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A Key to Self-Esteem

Vayishlach (Genesis 32:4-36:43 )

by Rabbi Dr. Abraham Twerski

Jacob was left alone and a man wrestled with him until the break of dawn (32:25)

The Midrash states that the person who attacked Jacob was the guardian angel of Esau. The commentaries add that this angel represents the yetzer hara, the prime spiritual force of evil that wished to vanquish Jacob and his descendants.

The rabbi of Slonim interprets this verse to provide us with an important lesson. He points out that the Hebrew word vayivoser – was left – can also mean “to be superfluous,” and the message of the verse is that Jacob felt that he was superfluous when he was alone, isolated and detached from others.

The Psalmist says, “For I have said that the world is built upon chesed (loving-kindness).” The Chassidic writings interpret this verse as a reason for Creation. Although we cannot have any concept into the essence of the Divine attributes, we are told that God created the world because “it is in the nature of the good to do good” and without a world, there would be no recipients for God's goodness.

We are supposed to emulate the Divine attributes, and the foremost obligation of man is to do chesed. But chesed cannot be done in a vacuum. The phrase, “God said `It is not good that man be alone,' ” (Genesis 2:18) means not only that a person should not be without a spouse, but also that “there can be no goodness when man is alone.” Goodness requires that there be a relationship, a recipient of one's chesed. Inasmuch as the purpose of creation was for man to emulate God in doing chesed, failure or the inability to do chesed leaves a person unfulfilled.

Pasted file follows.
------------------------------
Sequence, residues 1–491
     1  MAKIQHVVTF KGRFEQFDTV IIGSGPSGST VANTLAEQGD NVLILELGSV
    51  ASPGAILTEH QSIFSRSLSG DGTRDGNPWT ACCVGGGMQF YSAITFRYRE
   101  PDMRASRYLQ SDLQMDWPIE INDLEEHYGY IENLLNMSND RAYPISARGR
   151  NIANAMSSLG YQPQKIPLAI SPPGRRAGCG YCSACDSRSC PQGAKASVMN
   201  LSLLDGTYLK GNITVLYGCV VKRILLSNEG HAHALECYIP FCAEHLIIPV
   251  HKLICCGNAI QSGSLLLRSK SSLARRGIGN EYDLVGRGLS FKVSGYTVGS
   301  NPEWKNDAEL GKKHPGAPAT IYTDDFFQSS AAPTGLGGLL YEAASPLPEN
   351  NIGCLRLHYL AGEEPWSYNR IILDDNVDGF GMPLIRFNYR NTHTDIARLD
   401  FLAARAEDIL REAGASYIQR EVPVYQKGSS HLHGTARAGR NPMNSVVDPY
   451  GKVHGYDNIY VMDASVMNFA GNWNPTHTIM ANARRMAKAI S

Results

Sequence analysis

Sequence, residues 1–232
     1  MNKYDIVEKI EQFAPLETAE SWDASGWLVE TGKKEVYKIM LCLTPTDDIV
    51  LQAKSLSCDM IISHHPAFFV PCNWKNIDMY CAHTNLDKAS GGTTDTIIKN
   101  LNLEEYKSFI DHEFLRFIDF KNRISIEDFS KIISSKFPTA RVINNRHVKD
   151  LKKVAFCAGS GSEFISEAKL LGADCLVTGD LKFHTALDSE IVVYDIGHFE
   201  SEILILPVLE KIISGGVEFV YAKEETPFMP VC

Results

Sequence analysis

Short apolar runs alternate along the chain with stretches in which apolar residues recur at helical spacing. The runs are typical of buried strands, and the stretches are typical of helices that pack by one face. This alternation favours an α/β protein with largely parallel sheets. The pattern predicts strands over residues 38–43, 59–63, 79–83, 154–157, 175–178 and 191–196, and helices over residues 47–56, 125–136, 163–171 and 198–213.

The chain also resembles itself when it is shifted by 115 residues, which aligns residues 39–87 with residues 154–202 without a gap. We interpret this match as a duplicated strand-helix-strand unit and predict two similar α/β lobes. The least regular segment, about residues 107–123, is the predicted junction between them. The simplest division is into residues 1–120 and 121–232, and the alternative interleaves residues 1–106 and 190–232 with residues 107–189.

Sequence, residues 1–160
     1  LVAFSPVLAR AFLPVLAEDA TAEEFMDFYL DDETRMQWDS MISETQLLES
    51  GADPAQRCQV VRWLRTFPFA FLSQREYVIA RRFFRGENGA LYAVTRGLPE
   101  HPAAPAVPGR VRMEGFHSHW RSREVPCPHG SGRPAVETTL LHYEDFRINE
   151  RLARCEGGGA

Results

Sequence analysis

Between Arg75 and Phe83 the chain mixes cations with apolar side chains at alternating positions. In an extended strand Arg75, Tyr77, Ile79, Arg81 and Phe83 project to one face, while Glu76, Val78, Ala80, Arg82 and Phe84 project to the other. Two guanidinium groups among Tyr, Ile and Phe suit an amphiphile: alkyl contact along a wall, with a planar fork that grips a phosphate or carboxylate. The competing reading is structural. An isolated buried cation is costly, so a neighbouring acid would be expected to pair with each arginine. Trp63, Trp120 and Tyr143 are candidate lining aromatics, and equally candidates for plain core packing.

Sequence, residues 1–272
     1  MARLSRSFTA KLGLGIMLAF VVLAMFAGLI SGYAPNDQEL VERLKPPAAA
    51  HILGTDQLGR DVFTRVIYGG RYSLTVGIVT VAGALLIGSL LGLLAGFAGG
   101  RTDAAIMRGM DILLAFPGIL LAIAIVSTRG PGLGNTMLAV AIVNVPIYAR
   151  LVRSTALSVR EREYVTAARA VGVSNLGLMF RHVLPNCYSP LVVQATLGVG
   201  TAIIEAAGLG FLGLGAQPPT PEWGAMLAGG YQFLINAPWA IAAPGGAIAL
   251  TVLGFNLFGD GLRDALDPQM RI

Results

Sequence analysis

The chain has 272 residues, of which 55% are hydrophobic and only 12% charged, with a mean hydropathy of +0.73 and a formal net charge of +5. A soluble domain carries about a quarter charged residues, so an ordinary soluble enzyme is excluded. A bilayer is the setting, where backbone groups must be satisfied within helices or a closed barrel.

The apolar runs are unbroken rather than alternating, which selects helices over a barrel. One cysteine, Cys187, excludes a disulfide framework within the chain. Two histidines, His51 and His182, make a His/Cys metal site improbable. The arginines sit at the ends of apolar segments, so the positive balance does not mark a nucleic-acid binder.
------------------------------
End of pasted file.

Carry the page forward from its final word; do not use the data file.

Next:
In my writings on self-esteem (Angels Don't Leave Footprints) I pointed out that we value things for one of two reasons: (1) they are functional or (2) they are ornamental. If you have a grandfather clock whose mechanism breaks down, you may keep it as a handsome piece of furniture. If your can-opener no longer works, you discard it. Since it has no esthetic component, it has no value if it is not functional.

On what basis can a person have a sense of self-worth? Few people are so handsome as to be ornamental, and even those who are exceptionally handsome lose their beauty as they grow old. Man's true worth is in his function, and inasmuch as a major function of man is to do chesed, the inability or failure to do chesed deprives a person of a source of self-esteem.

One of the tactics of the yetzer hara is to crush a person by depriving him of the ability to do chesed. The person who is isolated from others and cannot give of himself to others may lose his sense of self-worth. My years of working with people who are addicted to drugs or alcohol has convinced me that one of the factors that lead to addiction is self-centeredness. One recovered alcoholic expressed it this way: “I could look up at people or I could look down my nose at them. They were either far above me or beneath me, but I never felt that I belonged. Alcohol gave me the feeling that I belonged.” This person escaped from the distress of isolation via the anesthetic effects of alcohol.

Feeling that one does not belong causes a person to feel superfluous. The rabbi of Slonim found this message in the verse which he translated as, “Jacob felt superfluous because he was alone.” The low self-esteem and depression incident to isolation renders a person vulnerable to the attack of the yetzer hara.

Doing chesed is not only a great mitzvah, but it also helps a person to have a sense of worthiness and self-esteem.

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